It was the ultimate paradox last week when a gun control activist was arrested for possession of an illegal firearm.
After her son was shot dead nearly three years ago, according to the State Journal-Register of Springfield, Ill., Annette Stevens became active in the anti-gun Million Mom March's Springfield chapter.
There has been a series of drive-by shootings in Stevens' neighborhood lately, the newspaper reports and police, acting on information that she had close connections with one of the feuding groups believed responsible obtained a warrant to search her house. Inside, they found a handgun with its serial number scratched off.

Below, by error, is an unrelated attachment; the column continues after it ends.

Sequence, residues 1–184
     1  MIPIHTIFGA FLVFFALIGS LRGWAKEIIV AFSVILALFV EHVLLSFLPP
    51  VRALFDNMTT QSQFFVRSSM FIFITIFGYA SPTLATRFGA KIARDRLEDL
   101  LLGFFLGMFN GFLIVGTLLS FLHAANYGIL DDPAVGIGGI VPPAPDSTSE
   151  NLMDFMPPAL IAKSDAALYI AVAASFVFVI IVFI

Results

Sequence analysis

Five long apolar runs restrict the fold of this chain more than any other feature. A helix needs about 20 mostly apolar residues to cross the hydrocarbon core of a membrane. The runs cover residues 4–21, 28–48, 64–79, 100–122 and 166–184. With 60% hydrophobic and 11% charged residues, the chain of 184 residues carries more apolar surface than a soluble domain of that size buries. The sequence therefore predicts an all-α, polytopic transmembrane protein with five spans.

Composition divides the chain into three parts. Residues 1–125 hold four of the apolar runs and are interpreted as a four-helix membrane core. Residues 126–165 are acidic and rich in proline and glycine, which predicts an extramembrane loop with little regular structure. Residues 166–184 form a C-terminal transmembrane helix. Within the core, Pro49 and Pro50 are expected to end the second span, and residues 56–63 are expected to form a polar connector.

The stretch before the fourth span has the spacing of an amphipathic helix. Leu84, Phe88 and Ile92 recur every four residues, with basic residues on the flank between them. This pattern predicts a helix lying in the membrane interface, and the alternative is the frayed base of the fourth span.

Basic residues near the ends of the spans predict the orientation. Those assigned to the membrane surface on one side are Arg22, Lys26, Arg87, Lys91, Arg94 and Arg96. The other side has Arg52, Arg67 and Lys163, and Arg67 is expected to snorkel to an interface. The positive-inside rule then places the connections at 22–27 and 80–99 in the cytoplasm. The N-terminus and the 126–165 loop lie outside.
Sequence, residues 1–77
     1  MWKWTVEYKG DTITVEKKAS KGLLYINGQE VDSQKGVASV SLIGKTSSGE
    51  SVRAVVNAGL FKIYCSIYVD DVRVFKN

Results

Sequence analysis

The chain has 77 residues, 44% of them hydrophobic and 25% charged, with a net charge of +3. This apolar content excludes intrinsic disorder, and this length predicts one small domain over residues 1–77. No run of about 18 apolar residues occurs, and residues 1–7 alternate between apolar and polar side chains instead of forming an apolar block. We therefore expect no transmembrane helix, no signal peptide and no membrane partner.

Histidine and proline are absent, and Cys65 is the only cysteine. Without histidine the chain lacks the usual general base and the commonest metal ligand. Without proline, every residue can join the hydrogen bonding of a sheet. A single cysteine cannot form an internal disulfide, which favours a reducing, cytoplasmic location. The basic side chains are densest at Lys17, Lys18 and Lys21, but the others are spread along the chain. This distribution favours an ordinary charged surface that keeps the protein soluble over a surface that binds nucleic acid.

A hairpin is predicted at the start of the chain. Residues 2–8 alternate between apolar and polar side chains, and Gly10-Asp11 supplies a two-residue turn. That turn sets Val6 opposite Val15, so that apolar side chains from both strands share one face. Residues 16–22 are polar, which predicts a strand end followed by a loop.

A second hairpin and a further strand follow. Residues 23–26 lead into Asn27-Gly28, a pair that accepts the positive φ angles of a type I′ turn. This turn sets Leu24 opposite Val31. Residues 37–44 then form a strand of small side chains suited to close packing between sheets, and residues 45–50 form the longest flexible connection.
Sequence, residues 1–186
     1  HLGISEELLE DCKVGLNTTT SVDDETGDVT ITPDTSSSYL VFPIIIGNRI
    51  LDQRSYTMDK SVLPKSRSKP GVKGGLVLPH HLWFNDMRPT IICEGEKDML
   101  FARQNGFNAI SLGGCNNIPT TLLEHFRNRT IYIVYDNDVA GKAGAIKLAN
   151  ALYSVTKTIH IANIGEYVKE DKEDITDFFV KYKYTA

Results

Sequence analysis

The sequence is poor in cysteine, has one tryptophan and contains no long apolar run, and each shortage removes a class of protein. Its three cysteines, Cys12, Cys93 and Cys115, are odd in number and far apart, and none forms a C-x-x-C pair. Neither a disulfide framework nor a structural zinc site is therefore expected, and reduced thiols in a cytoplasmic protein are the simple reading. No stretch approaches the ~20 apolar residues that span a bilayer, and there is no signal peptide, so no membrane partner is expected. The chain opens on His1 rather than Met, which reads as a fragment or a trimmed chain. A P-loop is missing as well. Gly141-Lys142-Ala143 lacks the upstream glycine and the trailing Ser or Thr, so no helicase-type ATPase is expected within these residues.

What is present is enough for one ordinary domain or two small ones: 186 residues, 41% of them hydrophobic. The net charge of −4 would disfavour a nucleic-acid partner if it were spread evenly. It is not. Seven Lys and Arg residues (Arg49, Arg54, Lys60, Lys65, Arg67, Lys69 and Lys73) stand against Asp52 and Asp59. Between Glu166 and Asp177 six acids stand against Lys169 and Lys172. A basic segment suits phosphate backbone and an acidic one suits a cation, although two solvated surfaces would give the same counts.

Stevens says the gun belonged to her dead son and, once she found it, she never got around to disposing of it.
But if guns are as dangerous in the hands of others as her organization believes, it seems odd that she was so indifferent about having one in her own house.
A more rational explanation, assuming her innocence, would be that Stevens with her son in his grave and bullets flying in her neighborhood simply wanted a fighting chance to protect herself, in case there was a problem and the police couldn't get there in time.
If that were the case, a lot of people would understand and sympathize with her.
Reality sometimes is incompatible with idealism.
The Florida Times-Union (Jacksonville, Fla.)
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